The Czech crown gains against the euro and the dollar

For the past two weeks, the Czech crown has been trading at a record high against two major world currencies, the euro and the US dollar. The increasing value of the crown affects not only businesses, but also consumers, especially now, as citizens are flooding shopping centers looking for holiday bargains.

Today the Czech crown trades at about 21 to the dollar. In June a dollar bought more than 22 crowns, so the currency has increased about five percent in value. Against the euro too, the crown is gaining ground. Economist Tomas Vlk at Patria Finance says one effect this Christmas season could be stong sales of video games, home electronics, and gasoline.

"When the dollar is cheaper, electronics are cheaper, oil and oil products are cheaper, so it's quite important for some sectors of the economy. Cheaper oil and gasoline is better for the economy because cheaper gasoline enhances the growth."

Economists say the crown's recent strong showing has much to do with decisions made by the US and European central banks. Nevertheless, any boost the Czech economy will likely further increase the value of the crown. It's already humming compared with the US and Eurozone economies.

"The Czech economy has pretty high growth. The growth of Czech economy should be about six percent this year and there will be only slight slowing of the economy next year. So the performance will be better than the Eurozone and the United States."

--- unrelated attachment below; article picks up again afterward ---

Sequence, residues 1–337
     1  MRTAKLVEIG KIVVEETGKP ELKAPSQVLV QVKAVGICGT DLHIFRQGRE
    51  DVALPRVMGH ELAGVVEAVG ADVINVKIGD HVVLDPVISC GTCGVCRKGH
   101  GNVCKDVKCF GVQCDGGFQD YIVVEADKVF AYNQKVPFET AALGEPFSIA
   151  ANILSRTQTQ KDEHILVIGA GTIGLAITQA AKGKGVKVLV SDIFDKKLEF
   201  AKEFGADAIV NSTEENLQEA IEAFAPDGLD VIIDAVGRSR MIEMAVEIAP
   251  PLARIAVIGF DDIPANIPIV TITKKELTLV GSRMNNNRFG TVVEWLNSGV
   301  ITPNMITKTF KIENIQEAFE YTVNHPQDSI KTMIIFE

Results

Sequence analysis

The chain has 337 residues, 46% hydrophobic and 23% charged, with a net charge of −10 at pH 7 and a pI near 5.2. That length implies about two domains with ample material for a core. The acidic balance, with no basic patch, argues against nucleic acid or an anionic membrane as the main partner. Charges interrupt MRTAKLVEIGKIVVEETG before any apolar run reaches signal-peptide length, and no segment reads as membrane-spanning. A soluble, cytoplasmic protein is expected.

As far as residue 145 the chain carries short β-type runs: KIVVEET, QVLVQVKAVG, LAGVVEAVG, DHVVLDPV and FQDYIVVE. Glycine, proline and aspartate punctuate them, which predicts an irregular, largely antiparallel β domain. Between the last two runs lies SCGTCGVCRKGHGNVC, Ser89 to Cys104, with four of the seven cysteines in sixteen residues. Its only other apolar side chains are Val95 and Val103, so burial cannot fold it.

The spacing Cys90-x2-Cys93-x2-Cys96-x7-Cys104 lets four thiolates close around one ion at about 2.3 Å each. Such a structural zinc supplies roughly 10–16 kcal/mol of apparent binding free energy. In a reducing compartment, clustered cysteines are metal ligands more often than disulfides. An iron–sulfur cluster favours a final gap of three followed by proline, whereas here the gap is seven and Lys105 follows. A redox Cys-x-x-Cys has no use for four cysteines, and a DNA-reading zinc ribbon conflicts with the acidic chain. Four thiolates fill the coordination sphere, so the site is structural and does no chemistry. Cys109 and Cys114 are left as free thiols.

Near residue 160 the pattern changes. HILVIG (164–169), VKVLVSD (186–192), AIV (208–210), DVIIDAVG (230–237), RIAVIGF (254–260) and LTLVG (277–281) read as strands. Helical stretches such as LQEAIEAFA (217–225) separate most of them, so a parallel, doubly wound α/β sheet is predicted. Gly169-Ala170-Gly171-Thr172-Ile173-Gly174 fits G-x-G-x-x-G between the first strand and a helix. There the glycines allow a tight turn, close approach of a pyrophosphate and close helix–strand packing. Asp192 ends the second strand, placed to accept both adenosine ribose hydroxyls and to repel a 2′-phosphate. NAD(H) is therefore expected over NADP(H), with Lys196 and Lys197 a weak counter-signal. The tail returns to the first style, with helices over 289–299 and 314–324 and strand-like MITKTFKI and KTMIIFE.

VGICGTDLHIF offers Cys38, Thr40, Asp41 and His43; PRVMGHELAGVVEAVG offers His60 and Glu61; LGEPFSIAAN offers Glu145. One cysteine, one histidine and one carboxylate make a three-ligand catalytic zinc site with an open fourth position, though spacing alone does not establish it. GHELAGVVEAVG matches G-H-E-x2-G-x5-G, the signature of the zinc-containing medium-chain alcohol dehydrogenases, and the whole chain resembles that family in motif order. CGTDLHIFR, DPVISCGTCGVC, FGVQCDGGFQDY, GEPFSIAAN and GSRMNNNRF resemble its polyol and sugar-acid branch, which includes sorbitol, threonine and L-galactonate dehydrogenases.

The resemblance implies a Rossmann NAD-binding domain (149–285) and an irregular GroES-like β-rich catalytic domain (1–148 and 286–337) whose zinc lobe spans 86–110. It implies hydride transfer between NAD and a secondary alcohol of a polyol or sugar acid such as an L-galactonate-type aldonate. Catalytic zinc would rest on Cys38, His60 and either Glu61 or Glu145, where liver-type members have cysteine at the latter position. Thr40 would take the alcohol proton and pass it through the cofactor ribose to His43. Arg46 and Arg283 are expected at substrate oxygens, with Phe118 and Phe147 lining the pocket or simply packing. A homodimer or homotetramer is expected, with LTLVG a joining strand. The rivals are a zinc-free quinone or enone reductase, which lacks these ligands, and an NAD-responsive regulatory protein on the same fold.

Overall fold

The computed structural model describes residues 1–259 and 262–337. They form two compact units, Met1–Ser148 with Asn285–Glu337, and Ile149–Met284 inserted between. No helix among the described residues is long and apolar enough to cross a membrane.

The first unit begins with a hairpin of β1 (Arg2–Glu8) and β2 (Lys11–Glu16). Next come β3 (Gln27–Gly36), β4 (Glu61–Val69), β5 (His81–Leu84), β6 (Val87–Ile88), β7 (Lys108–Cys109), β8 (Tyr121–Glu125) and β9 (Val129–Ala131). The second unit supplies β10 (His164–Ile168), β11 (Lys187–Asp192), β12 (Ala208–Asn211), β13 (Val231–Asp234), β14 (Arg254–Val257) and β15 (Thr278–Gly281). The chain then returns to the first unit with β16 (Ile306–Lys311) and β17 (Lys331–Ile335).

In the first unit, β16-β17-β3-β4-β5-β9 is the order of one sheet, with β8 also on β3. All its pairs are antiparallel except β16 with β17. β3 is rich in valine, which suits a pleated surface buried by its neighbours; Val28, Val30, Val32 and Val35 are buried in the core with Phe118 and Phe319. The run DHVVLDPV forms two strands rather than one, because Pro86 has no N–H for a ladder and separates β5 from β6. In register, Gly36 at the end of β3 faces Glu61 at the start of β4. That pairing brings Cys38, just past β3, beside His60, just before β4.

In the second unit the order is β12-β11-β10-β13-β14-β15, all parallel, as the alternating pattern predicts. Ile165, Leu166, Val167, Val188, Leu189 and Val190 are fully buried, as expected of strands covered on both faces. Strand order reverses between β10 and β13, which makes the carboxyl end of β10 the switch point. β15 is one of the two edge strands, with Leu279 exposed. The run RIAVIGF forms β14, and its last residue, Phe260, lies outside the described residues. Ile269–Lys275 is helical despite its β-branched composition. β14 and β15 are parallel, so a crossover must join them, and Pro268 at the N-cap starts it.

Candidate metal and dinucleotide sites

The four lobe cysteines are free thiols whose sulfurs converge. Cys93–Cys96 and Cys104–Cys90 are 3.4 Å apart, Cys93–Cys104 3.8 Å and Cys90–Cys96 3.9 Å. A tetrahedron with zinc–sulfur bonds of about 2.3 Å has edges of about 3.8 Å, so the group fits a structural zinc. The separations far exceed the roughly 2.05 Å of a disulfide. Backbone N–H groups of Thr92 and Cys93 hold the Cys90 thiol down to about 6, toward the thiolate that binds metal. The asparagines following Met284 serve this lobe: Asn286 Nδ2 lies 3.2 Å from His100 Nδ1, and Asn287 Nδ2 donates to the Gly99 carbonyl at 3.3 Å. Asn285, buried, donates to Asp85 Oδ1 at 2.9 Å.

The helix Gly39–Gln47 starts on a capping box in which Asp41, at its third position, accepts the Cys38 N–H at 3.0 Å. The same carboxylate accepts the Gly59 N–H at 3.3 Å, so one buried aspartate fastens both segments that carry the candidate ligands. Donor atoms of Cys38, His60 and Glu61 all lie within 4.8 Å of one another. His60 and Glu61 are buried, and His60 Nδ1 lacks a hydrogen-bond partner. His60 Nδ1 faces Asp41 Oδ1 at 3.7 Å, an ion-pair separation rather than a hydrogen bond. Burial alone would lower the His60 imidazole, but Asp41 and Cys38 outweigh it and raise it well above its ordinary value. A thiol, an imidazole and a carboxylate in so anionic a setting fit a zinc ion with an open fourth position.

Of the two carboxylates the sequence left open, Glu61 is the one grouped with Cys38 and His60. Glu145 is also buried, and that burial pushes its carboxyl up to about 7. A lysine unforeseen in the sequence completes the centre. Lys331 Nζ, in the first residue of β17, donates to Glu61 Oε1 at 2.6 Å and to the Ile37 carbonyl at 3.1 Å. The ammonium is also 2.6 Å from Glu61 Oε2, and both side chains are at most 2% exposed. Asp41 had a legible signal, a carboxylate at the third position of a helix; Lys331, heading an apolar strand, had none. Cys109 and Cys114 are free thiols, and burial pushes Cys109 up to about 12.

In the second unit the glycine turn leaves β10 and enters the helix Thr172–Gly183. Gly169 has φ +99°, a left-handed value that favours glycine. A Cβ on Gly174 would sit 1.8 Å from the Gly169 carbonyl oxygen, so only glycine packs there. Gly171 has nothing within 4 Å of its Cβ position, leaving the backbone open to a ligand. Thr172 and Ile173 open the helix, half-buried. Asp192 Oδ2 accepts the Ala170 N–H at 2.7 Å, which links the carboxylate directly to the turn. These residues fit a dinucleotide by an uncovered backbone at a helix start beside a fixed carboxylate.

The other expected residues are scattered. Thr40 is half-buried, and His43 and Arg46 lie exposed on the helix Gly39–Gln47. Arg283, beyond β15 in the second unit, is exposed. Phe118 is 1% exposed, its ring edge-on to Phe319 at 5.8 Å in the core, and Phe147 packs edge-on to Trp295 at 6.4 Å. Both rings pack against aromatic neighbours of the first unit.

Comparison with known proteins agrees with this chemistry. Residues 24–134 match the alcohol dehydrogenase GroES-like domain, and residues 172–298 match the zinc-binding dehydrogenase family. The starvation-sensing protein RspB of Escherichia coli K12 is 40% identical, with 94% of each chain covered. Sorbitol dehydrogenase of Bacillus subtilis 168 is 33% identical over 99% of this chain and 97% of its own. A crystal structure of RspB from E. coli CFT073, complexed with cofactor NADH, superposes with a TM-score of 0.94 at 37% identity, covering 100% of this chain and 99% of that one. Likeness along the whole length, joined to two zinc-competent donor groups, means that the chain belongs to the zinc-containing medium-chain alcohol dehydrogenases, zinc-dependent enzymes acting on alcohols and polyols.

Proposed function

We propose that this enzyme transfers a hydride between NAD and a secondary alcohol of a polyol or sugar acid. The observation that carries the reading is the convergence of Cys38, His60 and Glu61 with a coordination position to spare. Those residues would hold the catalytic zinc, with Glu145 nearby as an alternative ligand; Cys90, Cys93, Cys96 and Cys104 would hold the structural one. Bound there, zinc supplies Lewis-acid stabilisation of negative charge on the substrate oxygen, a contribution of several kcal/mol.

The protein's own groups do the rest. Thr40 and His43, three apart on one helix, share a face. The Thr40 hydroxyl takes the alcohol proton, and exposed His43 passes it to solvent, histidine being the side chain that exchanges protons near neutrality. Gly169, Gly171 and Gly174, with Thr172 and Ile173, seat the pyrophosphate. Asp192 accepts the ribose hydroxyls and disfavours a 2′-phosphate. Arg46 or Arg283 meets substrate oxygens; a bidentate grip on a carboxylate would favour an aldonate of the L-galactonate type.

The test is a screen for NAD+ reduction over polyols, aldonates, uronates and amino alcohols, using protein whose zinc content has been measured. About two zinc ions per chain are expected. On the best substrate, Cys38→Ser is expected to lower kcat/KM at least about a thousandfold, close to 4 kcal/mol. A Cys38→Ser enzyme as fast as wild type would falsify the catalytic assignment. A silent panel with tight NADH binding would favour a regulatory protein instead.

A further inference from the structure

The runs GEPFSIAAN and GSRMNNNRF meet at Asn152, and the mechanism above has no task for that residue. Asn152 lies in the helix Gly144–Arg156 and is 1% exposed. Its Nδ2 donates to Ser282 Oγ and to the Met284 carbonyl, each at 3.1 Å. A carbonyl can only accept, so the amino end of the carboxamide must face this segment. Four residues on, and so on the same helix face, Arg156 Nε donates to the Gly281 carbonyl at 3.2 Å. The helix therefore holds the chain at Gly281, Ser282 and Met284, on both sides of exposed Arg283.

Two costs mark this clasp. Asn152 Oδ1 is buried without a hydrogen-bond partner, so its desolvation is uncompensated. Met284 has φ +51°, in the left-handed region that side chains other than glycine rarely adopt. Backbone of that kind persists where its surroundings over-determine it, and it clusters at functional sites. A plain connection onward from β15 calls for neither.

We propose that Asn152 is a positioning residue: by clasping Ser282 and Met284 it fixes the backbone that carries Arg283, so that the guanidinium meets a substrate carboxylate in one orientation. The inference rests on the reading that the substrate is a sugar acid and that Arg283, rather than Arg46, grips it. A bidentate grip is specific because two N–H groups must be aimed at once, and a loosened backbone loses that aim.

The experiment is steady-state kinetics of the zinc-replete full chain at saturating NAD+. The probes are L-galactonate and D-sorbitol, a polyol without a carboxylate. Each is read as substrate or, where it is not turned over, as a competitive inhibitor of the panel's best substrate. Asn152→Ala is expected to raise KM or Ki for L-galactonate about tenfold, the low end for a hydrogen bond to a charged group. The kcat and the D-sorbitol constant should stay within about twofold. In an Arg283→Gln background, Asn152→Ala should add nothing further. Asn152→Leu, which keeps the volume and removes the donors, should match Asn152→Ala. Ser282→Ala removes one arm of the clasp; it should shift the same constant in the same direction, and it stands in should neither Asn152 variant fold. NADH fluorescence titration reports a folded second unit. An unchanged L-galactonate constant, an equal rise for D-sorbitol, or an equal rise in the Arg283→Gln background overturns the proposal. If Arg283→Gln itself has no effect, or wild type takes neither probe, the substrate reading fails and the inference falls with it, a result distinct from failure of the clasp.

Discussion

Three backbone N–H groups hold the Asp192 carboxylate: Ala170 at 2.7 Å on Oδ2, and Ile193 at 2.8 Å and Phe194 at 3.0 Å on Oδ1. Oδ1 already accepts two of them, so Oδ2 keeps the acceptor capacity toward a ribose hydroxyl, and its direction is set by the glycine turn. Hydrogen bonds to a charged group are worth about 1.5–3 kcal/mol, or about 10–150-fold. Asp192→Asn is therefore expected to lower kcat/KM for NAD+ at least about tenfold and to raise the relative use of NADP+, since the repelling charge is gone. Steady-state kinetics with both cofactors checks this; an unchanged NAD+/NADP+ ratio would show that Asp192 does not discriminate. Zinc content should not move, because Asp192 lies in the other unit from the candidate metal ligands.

Hospodarske noviny reports today that Slovakia may meet conditions for joining the euro in 2009, raising the specter that the Czech Republic's old partner may join the European currency first.

"Yes I think it's quite realistic because the Slovaks made a lot of reforms that we are already waiting in the Czech republic. I think the overall health of the Slovak economy is better than the Czech."

Like the Czech crown, the Slovak crown, and also the Polish and Hungarian currencies, have recently shot up in value against the euro and the dollar.

Tomas Vlk says if you're sitting on a lot of euros or dollars, waiting for the crown to go back down, you could be waiting for a while.

"The crown will stay high against the dollar in the long term because the Czech crown firms against the euro and the dollar in the long term thanks to the good performance of the Czech economy. For example, we have target for the Czech crown against the US dollar at the end of next year 20.8 crowns, so this is a long term phenomenon."